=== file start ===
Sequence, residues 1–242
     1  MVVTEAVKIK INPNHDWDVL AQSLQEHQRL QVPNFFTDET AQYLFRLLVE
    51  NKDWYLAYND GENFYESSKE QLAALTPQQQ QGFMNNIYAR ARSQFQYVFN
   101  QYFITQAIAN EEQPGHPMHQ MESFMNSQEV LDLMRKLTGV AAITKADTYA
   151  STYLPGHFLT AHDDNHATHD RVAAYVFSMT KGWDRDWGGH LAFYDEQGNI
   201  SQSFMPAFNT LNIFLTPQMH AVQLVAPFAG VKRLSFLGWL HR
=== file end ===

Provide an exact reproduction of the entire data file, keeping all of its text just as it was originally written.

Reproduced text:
Sequence, residues 1–242
     1  MVVTEAVKIK INPNHDWDVL AQSLQEHQRL QVPNFFTDET AQYLFRLLVE
    51  NKDWYLAYND GENFYESSKE QLAALTPQQQ QGFMNNIYAR ARSQFQYVFN
   101  QYFITQAIAN EEQPGHPMHQ MESFMNSQEV LDLMRKLTGV AAITKADTYA
   151  STYLPGHFLT AHDDNHATHD RVAAYVFSMT KGWDRDWGGH LAFYDEQGNI
   201  SQSFMPAFNT LNIFLTPQMH AVQLVAPFAG VKRLSFLGWL HR